MikeNoLastName - 12:18 am on Jul 3, 2007 (gmt 0) [edited by: MikeNoLastName at 12:24 am (utc) on July 3, 2007]
From research we did many years ago, I believe we determined that ANYTHING produced by any government agency (although we were just concerned with USA) with tax payer money is automatically considered in the public domain. In our one instance it involved reproducing tables of statistics, and lists. If I recall correctly even images of US postage stamps and coins issued (as long as they clearly aren't intended to defraud, as in counterfeiting) by a goverment are non-copyrighted, as the art was bought and paid for with public funds, although I understand this is NOT the case in every country. I'm not sure about how it works if the stamp bears an image of a prior work of copyrighted art, such as Disney characters, or such. We also researched public statues and art, and basically the same held, that as long as it was part of a goverment building it was free and clear to reproduce. Also names of cities cannot be trademarked or copyrighted unless they are combined with another word, in which case the trademark can belong to whoever combined the words (i.e. "abcdtown donuts").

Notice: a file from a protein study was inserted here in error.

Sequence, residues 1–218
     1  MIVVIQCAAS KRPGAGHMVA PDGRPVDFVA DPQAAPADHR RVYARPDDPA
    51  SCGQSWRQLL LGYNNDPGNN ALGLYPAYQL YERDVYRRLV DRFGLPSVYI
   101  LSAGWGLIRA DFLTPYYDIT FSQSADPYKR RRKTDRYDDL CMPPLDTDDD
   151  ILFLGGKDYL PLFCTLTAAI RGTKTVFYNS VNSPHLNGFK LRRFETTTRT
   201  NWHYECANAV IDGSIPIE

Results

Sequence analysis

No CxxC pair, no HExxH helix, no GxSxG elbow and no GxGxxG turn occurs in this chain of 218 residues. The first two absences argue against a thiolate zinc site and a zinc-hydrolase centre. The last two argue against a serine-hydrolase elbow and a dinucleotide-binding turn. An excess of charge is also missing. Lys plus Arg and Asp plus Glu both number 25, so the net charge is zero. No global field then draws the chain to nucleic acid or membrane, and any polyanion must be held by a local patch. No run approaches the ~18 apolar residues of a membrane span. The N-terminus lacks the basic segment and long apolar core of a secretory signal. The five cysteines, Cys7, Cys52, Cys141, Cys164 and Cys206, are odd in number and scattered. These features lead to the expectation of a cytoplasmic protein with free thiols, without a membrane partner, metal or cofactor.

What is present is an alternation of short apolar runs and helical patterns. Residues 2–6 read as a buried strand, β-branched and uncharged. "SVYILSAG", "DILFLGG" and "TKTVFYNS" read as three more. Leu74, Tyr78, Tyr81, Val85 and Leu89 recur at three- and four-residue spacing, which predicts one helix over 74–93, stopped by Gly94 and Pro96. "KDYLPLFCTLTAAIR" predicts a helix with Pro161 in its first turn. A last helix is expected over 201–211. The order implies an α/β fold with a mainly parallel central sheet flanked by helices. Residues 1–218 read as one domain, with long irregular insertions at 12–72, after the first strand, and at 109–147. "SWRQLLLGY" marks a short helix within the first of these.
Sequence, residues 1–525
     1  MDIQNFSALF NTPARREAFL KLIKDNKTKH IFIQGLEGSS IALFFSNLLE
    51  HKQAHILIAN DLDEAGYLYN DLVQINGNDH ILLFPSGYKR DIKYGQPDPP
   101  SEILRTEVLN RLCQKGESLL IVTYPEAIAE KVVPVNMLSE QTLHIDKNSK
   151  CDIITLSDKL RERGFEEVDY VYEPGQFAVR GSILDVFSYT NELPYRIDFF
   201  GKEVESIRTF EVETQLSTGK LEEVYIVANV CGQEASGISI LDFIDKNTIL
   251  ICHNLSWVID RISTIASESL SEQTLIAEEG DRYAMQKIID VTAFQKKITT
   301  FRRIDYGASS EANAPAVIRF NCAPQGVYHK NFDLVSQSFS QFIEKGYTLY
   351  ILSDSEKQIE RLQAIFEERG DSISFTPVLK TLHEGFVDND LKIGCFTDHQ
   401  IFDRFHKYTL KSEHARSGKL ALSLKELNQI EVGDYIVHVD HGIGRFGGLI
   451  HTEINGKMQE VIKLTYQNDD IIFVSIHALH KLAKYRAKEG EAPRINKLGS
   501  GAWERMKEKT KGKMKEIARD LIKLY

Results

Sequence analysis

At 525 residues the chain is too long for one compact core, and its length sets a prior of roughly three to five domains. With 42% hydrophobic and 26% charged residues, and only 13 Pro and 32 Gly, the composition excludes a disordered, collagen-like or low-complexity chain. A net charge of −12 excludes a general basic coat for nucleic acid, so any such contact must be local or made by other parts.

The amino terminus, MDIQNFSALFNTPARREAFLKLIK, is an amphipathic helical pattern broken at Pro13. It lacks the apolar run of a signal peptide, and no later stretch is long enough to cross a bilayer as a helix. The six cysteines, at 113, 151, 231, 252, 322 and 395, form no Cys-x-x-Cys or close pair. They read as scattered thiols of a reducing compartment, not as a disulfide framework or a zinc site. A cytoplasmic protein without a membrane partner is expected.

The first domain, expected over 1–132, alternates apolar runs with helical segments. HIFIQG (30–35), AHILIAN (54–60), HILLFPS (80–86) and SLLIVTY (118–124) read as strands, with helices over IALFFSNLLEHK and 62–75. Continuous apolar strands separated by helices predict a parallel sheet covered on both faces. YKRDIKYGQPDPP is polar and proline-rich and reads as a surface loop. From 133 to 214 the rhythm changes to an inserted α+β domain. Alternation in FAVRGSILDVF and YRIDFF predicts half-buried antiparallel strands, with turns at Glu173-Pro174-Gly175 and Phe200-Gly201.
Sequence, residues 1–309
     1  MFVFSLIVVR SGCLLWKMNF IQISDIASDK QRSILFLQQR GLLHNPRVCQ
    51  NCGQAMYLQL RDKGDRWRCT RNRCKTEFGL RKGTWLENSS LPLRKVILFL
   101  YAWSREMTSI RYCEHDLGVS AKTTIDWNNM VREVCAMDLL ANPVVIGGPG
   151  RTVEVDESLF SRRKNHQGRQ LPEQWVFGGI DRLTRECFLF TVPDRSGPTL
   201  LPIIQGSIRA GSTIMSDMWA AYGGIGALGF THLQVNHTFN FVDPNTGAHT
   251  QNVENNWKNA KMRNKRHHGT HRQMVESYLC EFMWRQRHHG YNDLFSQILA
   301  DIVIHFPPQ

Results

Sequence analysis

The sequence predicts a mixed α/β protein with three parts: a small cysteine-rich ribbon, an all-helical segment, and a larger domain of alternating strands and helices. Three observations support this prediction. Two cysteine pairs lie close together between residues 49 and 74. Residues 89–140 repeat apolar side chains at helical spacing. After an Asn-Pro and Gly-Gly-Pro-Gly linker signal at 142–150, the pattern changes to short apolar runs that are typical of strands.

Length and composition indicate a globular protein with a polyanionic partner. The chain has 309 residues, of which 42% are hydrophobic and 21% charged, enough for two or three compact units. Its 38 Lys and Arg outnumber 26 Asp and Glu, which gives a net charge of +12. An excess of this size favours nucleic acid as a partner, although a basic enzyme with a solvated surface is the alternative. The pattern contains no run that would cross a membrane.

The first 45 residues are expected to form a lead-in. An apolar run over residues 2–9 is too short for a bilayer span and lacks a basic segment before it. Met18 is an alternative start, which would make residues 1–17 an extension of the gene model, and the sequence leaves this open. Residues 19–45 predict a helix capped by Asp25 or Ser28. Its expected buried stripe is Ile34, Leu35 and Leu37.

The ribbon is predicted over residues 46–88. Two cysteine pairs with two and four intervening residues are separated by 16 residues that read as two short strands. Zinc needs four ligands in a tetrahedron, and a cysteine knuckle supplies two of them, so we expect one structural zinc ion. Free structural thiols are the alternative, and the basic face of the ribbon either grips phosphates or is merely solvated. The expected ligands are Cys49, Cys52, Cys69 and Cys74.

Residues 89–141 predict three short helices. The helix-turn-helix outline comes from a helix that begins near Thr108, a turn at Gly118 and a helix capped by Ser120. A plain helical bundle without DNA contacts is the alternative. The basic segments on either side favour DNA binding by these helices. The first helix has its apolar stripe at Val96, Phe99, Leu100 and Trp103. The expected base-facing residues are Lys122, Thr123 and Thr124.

For more detailed info G-search for "copyrights postage stamps" and select the result entitled "US CODE: Title 17105. Subject matter of copyright: United States" from Cornell Law School.
[edited by: MikeNoLastName at 12:24 am (utc) on July 3, 2007]